Bahrain sovereign fund no longer looking to invest in SoftBank fund -CEO

MANAMA, Feb 26 (Reuters) - Bahrain’s sovereign wealth fund Mumtalakat is no longer looking to invest in SoftBank Group’s Vision Fund, its chief executive told Reuters on Tuesday.

Vision Fund, the Japanese group’s mammoth $100 billion private equity fund, targets the technology sector and has attracted investment from other Gulf state funds such as Saudi Arabia’s Public Investment Fund and Abu Dhabi’s Mubadala over the past few years.

Mumtalakat had been in early talks to invest in Vision Fund, but “at the time being it doesn’t look like we’ll invest (in it),” Mahmood Alkooheji said in an interview.

“We talked with them and with many people, but it shows we’ve not seen something we think we can add value to or it could add value to us.”

Mumtalakat, which holds the Bahrain state’s stakes in companies including Aluminium Bahrain (Alba) and telecoms company Batelco, has a portfolio valued at over $10 billion.

It is looking at investment opportunities in areas such as education and healthcare, where it sees potential for growth in Bahrain and in the Gulf region, Alkooheji said.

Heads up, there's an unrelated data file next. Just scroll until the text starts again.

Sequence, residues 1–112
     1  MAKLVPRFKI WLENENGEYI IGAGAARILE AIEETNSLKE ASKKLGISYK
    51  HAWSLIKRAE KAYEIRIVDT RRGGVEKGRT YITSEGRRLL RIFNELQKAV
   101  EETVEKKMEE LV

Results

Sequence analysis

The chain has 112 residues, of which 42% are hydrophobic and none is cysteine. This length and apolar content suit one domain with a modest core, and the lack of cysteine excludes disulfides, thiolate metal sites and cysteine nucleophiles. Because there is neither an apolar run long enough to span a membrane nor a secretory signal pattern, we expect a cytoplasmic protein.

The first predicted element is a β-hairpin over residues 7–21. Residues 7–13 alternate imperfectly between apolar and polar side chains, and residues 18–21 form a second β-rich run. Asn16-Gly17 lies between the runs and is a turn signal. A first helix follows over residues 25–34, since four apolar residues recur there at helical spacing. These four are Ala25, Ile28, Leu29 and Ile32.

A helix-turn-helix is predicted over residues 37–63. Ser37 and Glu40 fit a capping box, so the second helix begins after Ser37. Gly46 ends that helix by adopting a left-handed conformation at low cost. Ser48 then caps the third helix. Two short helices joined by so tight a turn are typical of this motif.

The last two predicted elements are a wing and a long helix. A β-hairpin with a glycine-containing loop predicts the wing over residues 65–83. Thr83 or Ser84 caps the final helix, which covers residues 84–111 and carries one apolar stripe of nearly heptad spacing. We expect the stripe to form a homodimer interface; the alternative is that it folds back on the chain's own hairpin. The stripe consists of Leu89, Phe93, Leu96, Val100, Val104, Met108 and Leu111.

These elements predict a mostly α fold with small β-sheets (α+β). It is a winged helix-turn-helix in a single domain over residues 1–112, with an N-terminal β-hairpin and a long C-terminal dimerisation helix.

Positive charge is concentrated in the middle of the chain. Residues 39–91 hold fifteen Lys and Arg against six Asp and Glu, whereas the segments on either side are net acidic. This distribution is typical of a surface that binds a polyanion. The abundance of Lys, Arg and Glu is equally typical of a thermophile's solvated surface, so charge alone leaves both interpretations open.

“Saudi is one of the most interesting economies in the region but Bahrain is always our soft spot, we find it much easier to do investment in Bahrain because we are the block of the neighbourhood, we can get our way,” he said.

Bahrain, one of the Gulf’s financially weakest economies, last year obtained $10 billion in pledged assistance from its neighbour and ally Saudi Arabia, as well as Kuwait and the United Arab Emirates, after experiencing severe pressure in currency and debt markets on the risk of an impending credit crunch.

The financial aid is linked to a series of fiscal reforms which include the introduction of a value-added tax and the removal of subsidies.

Alkooheji said the fund is looking at opportunities to invest more in renewable energy.

“Because of adjustments that the government made such as removing subsidies, really putting more commercial pricing to fuel and electricity, renewable became far more interesting.”

Bahrain announced last year a large new oil and gas discovery off its coast estimated to contain at least 80 billion barrels of tight oil.

The kingdom’s biggest ever find has the potential to significantly boost its revenues, though it is not yet clear how much of the estimated reserves are recoverable.

Mumtalakat has not directly invested in oil exploration, but it has increased its exposure to the oil services industry, said Alkooheji.

Last year it invested an additional $50 million in Arab Shipbuilding and Repair Yard, a Bahraini company specializing in ship repair.

“Part of our choice depended on the oil discovery,” he said.

Editing by Susan Fenton